• This means ACTs for the said lands had even been issued before the sale and purchase agreement was signed on Dec 15, 1988 (SPA). In the SPA, the impostor was represented by KOC. The impostor put her address in the SPA as under the care of one Saifi bin Daud of No. 8, Taman Fauziah, Jalan Satu, 01000 Kangar, Perlis. Her signature was attested by lawyer Khor Kheng Loon from KOC. But Victor and Khor were not called as witnesses in any court proceeding.
  • According to Cheong Wai Meng, lawyer who acted for Adorna in the sale and purchase, the purchase price of RM1,865,798 was fully paid to KOC on April 17, 1989. The advertisement in the Thai newspaper was dated on June 11, 1989. The first police report was made on July 12, 1989. As Khor was not called as a witness in court, no evidence was proffered as to who eventually received the purchase price from Khor and when was this done and through what means.

It follows that the police have a lot of explanation to do for being more than tardy in investigating the most infamous land forgery case in Malaysia.

On the part of the Penang state government, I was rather surprised that it had sought to raise the defence of limitation of time to avoid liability, especially when Lim Kit Siang himself has for many years described this case as “gross injustice”. Legally, the Penang government may be right to have done so, but morally it is hoped that the Penang government will now at least tender an apology to the Boonsoms even though the event took place under the previous administration.

I can only conclude that this is one injustice that stinks to high heavens! Unless this stink is removed, it will indelibly remain a huge dent on foreign investors’ confidence in our land offices, police investigations and the administration of justice.

Featured image is sourced from The Star Online.


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Posted on 26 June 2013. You can follow any responses to this entry through the RSS 2.0.

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6 Responses to The Stink of Injustice

  1. Ridhuan Tee Abdullah

    This gross injustice must be publicized so that foreign investors are informed of the endemic corruption that exists in Malaysia and the very grave risks of investing in a racist , apartheid and apathetic crony capitalist state .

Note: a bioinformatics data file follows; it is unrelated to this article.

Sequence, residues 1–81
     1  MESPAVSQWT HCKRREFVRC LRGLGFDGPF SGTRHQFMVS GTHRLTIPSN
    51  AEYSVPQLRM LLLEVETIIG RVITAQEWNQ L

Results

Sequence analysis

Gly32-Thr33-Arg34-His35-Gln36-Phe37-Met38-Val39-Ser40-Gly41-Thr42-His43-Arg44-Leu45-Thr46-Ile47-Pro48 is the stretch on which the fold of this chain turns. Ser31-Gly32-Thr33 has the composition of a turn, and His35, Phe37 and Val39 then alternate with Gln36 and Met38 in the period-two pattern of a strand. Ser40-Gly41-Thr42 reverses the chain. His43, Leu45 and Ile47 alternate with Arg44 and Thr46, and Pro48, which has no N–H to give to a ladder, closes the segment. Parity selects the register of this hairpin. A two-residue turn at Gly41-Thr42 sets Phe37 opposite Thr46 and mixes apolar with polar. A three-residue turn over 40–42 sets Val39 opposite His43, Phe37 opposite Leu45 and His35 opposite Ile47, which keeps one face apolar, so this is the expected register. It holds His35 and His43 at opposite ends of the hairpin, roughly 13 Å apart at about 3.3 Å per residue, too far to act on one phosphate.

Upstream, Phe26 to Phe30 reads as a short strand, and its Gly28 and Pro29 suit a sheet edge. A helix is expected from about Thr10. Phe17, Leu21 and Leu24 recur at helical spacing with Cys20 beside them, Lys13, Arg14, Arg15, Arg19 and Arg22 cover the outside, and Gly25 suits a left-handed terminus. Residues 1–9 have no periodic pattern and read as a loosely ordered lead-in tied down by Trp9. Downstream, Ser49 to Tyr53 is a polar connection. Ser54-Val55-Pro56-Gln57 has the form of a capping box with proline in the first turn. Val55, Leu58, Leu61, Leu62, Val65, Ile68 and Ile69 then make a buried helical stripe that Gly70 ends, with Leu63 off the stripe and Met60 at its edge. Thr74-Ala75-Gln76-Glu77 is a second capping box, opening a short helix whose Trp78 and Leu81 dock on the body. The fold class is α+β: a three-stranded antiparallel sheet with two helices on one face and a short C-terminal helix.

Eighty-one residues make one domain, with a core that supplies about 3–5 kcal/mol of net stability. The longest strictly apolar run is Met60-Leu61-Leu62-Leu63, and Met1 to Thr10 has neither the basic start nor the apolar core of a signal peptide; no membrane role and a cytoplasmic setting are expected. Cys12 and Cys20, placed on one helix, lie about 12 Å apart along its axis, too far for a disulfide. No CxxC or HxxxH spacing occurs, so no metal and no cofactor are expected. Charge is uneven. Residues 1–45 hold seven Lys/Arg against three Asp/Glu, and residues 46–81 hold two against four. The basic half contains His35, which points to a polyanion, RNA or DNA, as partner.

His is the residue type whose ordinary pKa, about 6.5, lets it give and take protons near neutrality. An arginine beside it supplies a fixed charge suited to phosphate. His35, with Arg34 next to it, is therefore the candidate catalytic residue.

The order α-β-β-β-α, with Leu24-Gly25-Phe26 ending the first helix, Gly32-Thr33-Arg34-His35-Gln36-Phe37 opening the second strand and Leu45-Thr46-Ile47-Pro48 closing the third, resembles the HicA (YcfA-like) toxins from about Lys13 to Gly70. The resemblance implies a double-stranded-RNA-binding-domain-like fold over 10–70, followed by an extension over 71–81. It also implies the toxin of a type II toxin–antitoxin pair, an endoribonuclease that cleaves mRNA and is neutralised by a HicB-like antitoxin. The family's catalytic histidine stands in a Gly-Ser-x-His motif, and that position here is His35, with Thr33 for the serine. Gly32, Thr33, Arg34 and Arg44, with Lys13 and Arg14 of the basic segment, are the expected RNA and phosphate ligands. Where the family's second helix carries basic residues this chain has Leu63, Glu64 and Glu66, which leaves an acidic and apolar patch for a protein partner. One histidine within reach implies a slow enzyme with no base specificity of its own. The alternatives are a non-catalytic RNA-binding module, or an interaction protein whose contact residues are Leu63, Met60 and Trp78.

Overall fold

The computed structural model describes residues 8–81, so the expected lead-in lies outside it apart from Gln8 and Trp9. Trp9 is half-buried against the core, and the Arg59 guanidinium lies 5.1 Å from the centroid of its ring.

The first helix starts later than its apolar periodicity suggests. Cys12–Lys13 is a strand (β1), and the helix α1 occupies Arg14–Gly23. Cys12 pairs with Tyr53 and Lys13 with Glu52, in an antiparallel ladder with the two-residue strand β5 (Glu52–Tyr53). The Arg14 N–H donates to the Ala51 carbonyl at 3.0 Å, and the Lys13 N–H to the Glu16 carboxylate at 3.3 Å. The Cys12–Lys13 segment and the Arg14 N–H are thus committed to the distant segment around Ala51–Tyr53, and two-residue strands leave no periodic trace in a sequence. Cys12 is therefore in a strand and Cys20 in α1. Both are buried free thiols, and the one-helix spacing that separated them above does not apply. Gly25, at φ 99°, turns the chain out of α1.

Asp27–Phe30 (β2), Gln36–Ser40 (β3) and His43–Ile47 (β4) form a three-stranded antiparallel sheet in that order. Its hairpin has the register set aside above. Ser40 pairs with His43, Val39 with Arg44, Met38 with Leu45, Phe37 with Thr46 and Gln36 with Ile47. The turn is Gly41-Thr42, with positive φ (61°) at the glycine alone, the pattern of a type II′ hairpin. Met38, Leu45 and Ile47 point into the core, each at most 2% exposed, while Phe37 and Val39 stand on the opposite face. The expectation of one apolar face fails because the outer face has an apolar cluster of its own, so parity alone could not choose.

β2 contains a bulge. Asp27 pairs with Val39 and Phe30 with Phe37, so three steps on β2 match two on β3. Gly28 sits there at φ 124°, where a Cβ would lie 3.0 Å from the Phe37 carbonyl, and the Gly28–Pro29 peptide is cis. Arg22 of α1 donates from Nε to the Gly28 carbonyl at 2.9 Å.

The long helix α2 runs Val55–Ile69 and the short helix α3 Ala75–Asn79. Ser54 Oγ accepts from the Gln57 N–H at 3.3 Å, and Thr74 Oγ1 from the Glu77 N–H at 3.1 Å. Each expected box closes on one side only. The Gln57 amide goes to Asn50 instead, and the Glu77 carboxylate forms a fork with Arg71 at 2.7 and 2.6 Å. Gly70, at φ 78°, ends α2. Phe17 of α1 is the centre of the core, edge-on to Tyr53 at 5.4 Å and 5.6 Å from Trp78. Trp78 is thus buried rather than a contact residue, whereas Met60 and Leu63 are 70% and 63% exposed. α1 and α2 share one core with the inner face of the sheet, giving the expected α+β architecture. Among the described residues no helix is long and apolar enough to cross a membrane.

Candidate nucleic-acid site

2. I think the title is The Stink of Injustice. How can there be stink from justice? -

  3. unmalaysian2013

    I agreed, not only in West Malaysia but also in Sabah. I have recently encountered a case where a native had used an application for inheritance under the Administration of Native and Small Estate Ordinance (ANSEO) called Schedule 1 (or in Malay is known as Jadual Satu although it is actually FORM A since 1953), the Native Court still use Jadual Satu in Malay. ANSEO only provides FORM A in English. This Jadual Satu is not only flawed but has been revoked and is inconsistent with FORM A in the sense that it lacks the "declaration" needed. Anyway, thats not the main story which is actually how this fraud was perpetuated. The applicant being a native filed this Jadual Satu with a Native Title Number say NT 12345678 that does not exist, and this was advertised (give notice under Jadual Dua) for a Land Application PT 12345678 with the same number that also does not exist and when this inheritance order was issued it is called Jadual Tiga for a Land Application PT 12345678 which does not exist. (Note NT stands for Native Title while PT means permohonan tanah or land application) What happens next is that the applicant went to amend this Jadual Tiga (issued by the Native Court) with a land application number that exists PT 123456780 which is under his mother's name (deceased). He went to another land office at the district that can issue the Native Title and ask the land office to cancel his mother's land application PT 123456780 which at that time has been granted as a Native Title but unregistered as it requires the deceased to sign the document. He then filed his own land application and was granted in his own name in half the time. Obviously the problem here is how could one inherit a Land Application ? And secondly, the land office should have done a proper notification under Section 13 of the Sabah Land Ordinance to survey whether anyone is already occupying the land or whether NCR rights are present but it did not, and is common knowledge that all notices are posted at the land office which nobody bother to see anyway technically in breach of the Sabah Land Rules (Rule 8). Obviously the applicant's other siblings are not happy when they found out. The unseen issues here are that under ANSEO, there are a number of protocols, the first which is the jurisdiction of the Native Court is not seized unless the Collector refers this application to it under Section 20 and under Section 21 then the Native Court had to perform its duty in lieu of the Collector and in Section 10, the Native Court has to get agreement from all siblings if the “estate” is to be given to one of them by hearing. The applicant obtained a power of attorney letter purportedly with all the agreement of the siblings which is also a forgery and no hearing from the other siblings.